Fashionista in training1/23/2013
‘The Carrie Diaries; is a delightfully bad prequel to ‘Sex and the City’
“The Carrie Diaries” (Monday, 7 p.m., CW) is a prequel to “Sex and the City,” featuring a 16-year-old Carrie Bradshaw (AnnaSophia Robb) in place of Sarah Jessica Parker’s adult version. In 1984, Carrie obsesses on “finding her voice as a writer” as she discovers makeup, boys and haute couture in her first Manhattan job. The new series trades the naughty brilliance of HBO’s classic comedy for earnest teen-drama clichés, and I was just about to leave it to the 13-year-olds when it hooked me with worse-than-usual missteps. In other words, “The Carrie Diaries” is that rarest of TV pleasures: a show that’s so bad it’s good.
Start with the wild swings from ultra-wholesome to ultra-raunchy, as if the makers couldn’t get a handle on their tone. Then there’s the preposterous evocation of hip Manhattan life, along with the equally preposterous evocation of square suburban life. Best of all, there’s Carrie’s narration. Even the simple act of getting into a cab spurs an overheated groaner: “I wondered where this golden chariot would take me!”
Don’t try to stop me — I’m boarding this golden chariot myself, for as long as “The Carrie Diaries” lasts.
‘Spartacus: War of the Damned’
Friday, 8 p.m. (Starz)
Those who enjoy TV series about half-naked Roman slaves wreaking gory vengeance on their toga-clad masters while reciting faux-Shakespearean dialogue with perfect elocution — well, you guys are kind of a weird demographic. But you clearly exist, to judge from the third season of “Spartacus.” Here you will find all the slow-motion beheadings, graphic sex, stringy hair, rearing horses and oily muscles you’ve become accustomed to.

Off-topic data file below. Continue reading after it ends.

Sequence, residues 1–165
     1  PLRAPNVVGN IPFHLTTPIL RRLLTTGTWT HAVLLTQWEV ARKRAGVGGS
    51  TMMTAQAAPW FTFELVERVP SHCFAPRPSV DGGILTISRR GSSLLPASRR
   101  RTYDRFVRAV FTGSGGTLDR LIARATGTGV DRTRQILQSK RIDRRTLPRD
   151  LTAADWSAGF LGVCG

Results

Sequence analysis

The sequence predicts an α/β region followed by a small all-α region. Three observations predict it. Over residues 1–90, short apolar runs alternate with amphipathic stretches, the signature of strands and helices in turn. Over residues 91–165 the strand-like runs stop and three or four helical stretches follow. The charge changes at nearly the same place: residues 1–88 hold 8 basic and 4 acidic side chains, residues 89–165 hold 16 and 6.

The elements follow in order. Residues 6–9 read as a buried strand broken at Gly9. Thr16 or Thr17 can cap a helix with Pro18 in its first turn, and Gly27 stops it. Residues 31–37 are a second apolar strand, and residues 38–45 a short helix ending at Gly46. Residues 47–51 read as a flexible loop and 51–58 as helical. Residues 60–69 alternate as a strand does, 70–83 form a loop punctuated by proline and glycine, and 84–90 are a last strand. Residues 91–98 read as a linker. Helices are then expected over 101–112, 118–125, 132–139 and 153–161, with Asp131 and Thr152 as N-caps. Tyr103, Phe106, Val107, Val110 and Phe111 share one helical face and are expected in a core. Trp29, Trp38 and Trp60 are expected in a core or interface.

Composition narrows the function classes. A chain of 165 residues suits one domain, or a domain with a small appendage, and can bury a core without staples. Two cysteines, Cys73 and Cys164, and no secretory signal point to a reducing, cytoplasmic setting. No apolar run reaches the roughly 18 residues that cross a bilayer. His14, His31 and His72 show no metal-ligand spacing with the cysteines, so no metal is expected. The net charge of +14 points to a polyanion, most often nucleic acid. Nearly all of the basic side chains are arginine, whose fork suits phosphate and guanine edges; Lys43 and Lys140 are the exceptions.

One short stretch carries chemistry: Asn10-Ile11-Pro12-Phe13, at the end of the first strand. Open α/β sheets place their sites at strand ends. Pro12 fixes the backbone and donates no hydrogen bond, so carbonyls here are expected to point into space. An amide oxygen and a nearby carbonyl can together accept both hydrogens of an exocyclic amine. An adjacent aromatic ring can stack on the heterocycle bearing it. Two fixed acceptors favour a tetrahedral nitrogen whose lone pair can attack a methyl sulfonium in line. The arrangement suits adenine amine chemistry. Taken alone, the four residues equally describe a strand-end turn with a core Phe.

The fascinating thing about “Spartacus” is that, for all the pulpy action, the script strains to sound high-toned. Thus, no slave would just ask, “Is she still alive?” He would ask, “She yet draws breath?” And no mother would just say that her son is “too excited to sleep.” She would say that “the battle rages in his head, vanquishing slumber.”
Whatever you think about “Spartacus: War of the Damned,” you have to admit that it does vanquish slumber.
Monday, 8 p.m. (TNT)
Larry Hagman was the only reason to watch “Dallas,” that bland 1970s-90s soap opera set in Texas oil country. He’s also been the only reason to watch the reboot, in which he reprises his role as the villainous JR Ewing. Sadly, Hagman died during filming last fall, and “Dallas” deserves to die with him. The series’ junior villain — John Ross (Josh Henderson), JR’s conniving son — has none of Hagman’s screen presence. He’s a lightweight pretty boy who just looks pathetic in the role of the heavy. In the season premiere, a femme fatale falls into John Ross’ clutches, cooing, “Ooh, you’re trouble!”
Hagman appears in the episode, and it’s worth braving the labored melodrama just to hear his insinuating line readings one more time.
Tuesday, 8 p.m. (PBS)
In school, many of us learned that Henry Ford was a great American, having pioneered the affordable car and the assembly line. But no one will sing his praises after seeing this week’s cringe-inducing “American Experience” documentary.
We learn that Ford was a tyrant who spied on his workers and had them beaten up at the mere suspicion of union organizing. He took a similarly brutal approach to his own son, driving him to an early grave. He blamed all the world’s problems on the Jews — and not just in his drawing room, but in a national crusade waged through his influential newspaper. Most surprising of all, he made colossally bad business decisions, sticking with his Model T long after the country had moved on to competitors’ more innovative cars.
The documentary leaves Ford’s reputation in tatters. And if he were alive, he’d surely blame it all on the Jews. CV